The rise of AI has created a new sector within pornography, ‘deep fake’ porn. Is a new strategy needed to address these emerging challenges?

For us as a charity the majority of our work is education and recovery so, we’re helping those that are struggling with the impact of porn on their lives, or the lives of their loved ones. The reality is that while the kinds of porn that people consume or download may change, what remains the same is its destructive nature. It’s still something that is unrealistic and creates toxic views of others.

A dictionary definition of porn would define it along the lines of writings, pictures and films that have been designed to stimulate sexual desire, often for profit, so even in that dictionary definition you have a ‘what’ and a ‘why’. The ‘what’ could be films, magazines, or a deep fake AI-generated picture, or it might be a hand drawn anime manga cartoon. The ‘what’ can look different but the ‘why’ remains the same – creating something to stimulate sexual excitement in order to generate a profit. The porn industry is still seeking to leverage people’s vulnerabilities, their brokenness and weakness, to make money. That is why we as an organisation often talk about rescuing people downstream who are drowning. People will be drowning regardless of how the porn is actually created.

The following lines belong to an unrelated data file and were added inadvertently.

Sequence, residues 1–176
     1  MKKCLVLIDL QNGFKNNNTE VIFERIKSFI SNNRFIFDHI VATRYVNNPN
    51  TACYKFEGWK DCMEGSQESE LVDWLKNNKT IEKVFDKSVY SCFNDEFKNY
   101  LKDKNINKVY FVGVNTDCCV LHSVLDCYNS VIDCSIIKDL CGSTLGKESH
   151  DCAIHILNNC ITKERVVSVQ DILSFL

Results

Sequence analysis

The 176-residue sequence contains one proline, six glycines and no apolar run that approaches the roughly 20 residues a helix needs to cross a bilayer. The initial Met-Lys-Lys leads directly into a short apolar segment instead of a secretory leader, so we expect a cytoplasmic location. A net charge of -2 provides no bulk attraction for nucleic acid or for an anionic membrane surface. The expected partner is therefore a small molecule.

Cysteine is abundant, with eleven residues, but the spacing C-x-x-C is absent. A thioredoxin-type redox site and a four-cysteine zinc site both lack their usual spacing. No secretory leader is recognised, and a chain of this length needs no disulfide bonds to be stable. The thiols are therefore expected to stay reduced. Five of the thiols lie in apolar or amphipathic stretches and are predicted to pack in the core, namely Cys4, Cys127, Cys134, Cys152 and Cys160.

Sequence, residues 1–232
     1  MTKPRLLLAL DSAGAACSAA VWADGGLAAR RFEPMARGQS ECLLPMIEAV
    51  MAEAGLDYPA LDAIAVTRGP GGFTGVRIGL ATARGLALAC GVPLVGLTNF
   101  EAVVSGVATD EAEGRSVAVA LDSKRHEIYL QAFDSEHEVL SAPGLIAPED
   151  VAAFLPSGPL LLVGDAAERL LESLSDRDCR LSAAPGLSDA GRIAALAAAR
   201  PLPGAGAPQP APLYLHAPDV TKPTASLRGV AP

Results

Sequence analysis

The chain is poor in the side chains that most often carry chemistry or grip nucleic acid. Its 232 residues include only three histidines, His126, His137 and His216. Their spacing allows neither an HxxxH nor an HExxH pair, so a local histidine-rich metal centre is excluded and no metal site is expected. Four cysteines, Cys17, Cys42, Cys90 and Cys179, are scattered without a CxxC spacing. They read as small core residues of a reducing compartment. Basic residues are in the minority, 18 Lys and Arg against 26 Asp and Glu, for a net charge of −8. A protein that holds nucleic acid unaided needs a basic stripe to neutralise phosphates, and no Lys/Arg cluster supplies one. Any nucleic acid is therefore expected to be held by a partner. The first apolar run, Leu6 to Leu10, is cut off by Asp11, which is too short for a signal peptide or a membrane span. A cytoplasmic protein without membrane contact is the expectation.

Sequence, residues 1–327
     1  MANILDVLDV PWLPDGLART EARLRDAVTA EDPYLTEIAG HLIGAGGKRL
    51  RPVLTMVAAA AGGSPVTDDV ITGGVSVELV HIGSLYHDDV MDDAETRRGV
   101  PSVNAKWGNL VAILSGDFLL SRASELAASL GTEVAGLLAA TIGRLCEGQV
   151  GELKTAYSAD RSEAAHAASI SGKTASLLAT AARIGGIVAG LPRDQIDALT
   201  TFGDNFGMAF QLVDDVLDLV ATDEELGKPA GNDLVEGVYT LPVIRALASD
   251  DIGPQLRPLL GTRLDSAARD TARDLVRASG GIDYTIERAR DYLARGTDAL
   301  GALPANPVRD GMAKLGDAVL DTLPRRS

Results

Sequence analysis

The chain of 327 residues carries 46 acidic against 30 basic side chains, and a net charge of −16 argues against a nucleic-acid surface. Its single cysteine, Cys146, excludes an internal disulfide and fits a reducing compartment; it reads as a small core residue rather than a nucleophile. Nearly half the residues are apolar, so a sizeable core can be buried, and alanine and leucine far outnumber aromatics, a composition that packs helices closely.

Having said that, a small percentage of our work is in partnering with and supporting organisations who work primarily around changing legislation and law. There is a lot of work happening in that space, including around the question of whether there needs to be some legislation for AI.

What are your thoughts on age verification controls on porn sites?

I think it’s been a long time coming. It’s frustrating that it took so long, but we can celebrate that age verification has finally passed into law. The question now is to see how well it’s regulated by Ofcom.

It’s important to understand that this is about protecting young people. It’s not a conversation about consenting adults and freedom; it is an agreement that young people under the age of 18 shouldn’t accidently be exposed to porn. We should be able to have things in place that mitigate against that.

What can parents do to protect their children in a world where porn seems to be prolific?

It does massively depend on the age of the child but in general terms, there need to be both controls and conversations. When they are younger it is easier to have more control. When they get older, it’s more about a conversation. It’s helpful to think of the internet as a city and think about how parents would raise their children in that kind of environment.